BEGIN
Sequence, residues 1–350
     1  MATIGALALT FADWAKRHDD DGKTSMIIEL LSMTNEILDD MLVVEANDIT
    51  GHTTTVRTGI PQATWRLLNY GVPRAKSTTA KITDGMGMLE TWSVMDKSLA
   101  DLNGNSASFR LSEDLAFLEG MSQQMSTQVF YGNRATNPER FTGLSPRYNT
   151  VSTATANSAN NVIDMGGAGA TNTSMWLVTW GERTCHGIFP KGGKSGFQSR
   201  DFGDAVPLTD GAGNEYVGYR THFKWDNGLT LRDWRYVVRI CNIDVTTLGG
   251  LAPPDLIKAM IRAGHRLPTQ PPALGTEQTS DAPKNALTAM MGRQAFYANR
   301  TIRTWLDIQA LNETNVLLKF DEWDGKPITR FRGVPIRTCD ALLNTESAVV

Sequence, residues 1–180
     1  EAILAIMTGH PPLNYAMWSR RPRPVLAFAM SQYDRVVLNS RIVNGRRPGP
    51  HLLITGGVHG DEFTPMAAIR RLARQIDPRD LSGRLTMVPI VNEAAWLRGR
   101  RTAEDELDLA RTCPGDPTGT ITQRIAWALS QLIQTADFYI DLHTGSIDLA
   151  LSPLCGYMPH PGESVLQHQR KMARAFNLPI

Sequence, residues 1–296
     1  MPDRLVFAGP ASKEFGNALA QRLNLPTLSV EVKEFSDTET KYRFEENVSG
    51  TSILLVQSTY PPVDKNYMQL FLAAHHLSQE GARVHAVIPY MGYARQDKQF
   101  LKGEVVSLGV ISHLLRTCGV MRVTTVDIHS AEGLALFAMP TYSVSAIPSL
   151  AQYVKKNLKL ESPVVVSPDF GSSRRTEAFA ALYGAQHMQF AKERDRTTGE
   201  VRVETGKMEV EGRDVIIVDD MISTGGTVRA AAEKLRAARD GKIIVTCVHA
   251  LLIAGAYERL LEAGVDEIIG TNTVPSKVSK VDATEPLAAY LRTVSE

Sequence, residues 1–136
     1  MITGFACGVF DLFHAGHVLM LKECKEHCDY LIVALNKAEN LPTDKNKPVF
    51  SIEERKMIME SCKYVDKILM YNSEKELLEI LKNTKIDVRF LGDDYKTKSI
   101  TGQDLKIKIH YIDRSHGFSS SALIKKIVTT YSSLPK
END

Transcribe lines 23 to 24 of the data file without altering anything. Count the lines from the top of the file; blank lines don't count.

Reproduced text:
    51  SIEERKMIME SCKYVDKILM YNSEKELLEI LKNTKIDVRF LGDDYKTKSI
   101  TGQDLKIKIH YIDRSHGFSS SALIKKIVTT YSSLPK